Schools chief in cen­ter of bat­tle

New Haven Register (New Haven, CT) - - LOCAL NEWS - By Jean Falbo-Sos­novich

AN­SO­NIA — Though there is a con­tin­gent of par­ents un­happy with Su­per­in­ten­dent of Schools Carol Mer­lone’s re­cent han­dling of the district bud­get cri­sis, there also are many in the school chiefs’ corner.

That be­came ev­i­dent Wed­nes­day when a pe­ti­tion con­tain­ing nearly 300 sig­na­tures in sup­port of Mer­lone was gath­ered by 2015 An­so­nia High School grad­u­ate Brian Perkins.

Perkins’ pe­ti­tion came a day af­ter par­ent Jeremy Mus­nicki sub­mit­ted a pe­ti­tion with more than 150 sig­na­tures to the Board of Al­der­men Tues­day, ask­ing them to sup­port a vote of no con­fi­dence in Mer­lone.

Al­der­men can­not in­voke such an ac­tion, how­ever; only the Board of Ed­u­ca­tion can do that. Perkins plans to sub­mit the pe­ti­tion to the school board, as well as the al­der­men.

Perkins said as a for­mer stu­dent who went through the An­so­nia school sys­tem, he felt com­pelled to speak out in sup­port of Mer­lone, re­gard­ing the re­cent bud­get cri­sis that pit­ted the Board of Ed­u­ca­tion and the city against one an­other.

The cri­sis was re­solved in court ear­lier this week, with the city agree­ing to give the school board $500,000 to en­able the district to make pay­roll and keep schools open to meet the state-man­dated 180 days.

Mer­lone last week had said schools were in dan­ger of hav­ing to close early be­cause there wasn’t enough money to pay staff and keep the doors open. Mus­nicki crit­i­cized what he called those scare tac­tics, and said it’s time for a new face and fresh per­spec­tive to lead the district.

Perkins said his ex­pe­ri­ence in An­so­nia schools was a pos­i­tive one, and knows “first­hand the pas­sion that Dr. Carol Mer­lone has for her stu­dents and for her pro­fes­sion.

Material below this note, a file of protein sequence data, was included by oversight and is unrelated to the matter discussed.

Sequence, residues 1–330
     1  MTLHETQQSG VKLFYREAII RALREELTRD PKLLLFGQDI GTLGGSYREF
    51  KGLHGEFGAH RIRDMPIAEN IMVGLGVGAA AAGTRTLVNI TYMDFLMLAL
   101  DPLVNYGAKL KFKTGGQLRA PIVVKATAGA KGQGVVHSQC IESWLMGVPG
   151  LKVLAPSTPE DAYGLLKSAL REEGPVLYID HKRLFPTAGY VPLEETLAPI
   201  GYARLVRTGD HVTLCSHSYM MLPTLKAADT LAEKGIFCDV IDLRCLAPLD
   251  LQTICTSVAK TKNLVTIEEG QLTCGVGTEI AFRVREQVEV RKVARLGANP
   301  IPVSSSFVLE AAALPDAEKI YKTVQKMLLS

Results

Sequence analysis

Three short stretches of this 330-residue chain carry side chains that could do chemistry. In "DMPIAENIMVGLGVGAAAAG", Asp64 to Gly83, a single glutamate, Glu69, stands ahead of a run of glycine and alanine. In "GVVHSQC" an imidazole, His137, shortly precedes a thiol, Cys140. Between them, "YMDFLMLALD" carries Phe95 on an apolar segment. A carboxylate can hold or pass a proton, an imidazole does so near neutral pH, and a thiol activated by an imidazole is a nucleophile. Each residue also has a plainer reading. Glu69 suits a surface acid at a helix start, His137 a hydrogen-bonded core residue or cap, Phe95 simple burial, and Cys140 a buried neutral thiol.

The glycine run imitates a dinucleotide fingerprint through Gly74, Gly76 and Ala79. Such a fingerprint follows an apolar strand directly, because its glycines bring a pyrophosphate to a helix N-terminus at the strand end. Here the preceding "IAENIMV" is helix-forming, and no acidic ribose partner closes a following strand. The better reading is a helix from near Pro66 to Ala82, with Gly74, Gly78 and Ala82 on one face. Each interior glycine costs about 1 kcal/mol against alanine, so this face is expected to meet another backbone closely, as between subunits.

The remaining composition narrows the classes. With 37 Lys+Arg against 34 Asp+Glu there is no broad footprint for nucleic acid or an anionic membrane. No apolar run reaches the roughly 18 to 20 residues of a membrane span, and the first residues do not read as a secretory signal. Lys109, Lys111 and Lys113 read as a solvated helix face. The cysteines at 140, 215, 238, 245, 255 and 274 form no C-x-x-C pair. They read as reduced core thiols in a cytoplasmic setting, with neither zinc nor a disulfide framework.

“When I was in eighth grade, I was awarded the CAPSS Su­per­in­ten­dent’s Stu­dent Award. From there on, Dr. Mer­lone and I stayed in reg­u­lar con­tact, and she was quick to hear my con­cerns within the district and ad­dress them,” Perkins said. “Her professionalism is be­yond re­proach. I love my city and I love where I came from, and this kind of ha­tred and an­i­mos­ity to­wards ed­u­ca­tion and ed­u­ca­tors is not what this city rep­re­sents.”

Perkins said he be­lieves Mer­lone is “be­ing scape­goated” by the city’s ad­min­is­tra­tion, and said his pe­ti­tion is a way to de­fend her.

A friend of Perkins, res­i­dent Sen­nea Raslan, started a pe­ti­tion of her own last week, which now has more than

175 sig­na­tures. The pe­ti­tion was aimed at Raslan’s and other res­i­dents’ dis­sat­is­fac­tion in the al­der­men’s “fis­cally ir­re­spon­si­ble bud­get” and the city try­ing to “wrong­fully seize $600,000” from the school bud­get.

Mer­lone said Wed­nes­day she wel­comed the sup­port.

“I ap­pre­ci­ate and thank all par­ents, stu­dents — present and for­mer — staff, the com­mu­nity and all those who stand up for mak­ing a brighter fu­ture for An­so­nia Pub­lic School stu­dents,” Mer­lone said. “They are our fu­ture. I am a very strong per­son be­cause of my faith. I be­lieve that every­one has a pur­pose in life and will meet their maker some­day. My pur­pose is and al­ways has been to do what­ever it takes to give An­so­nia Pub­lic Schools chil­dren an op­por­tu­nity for a bet­ter fu­ture..

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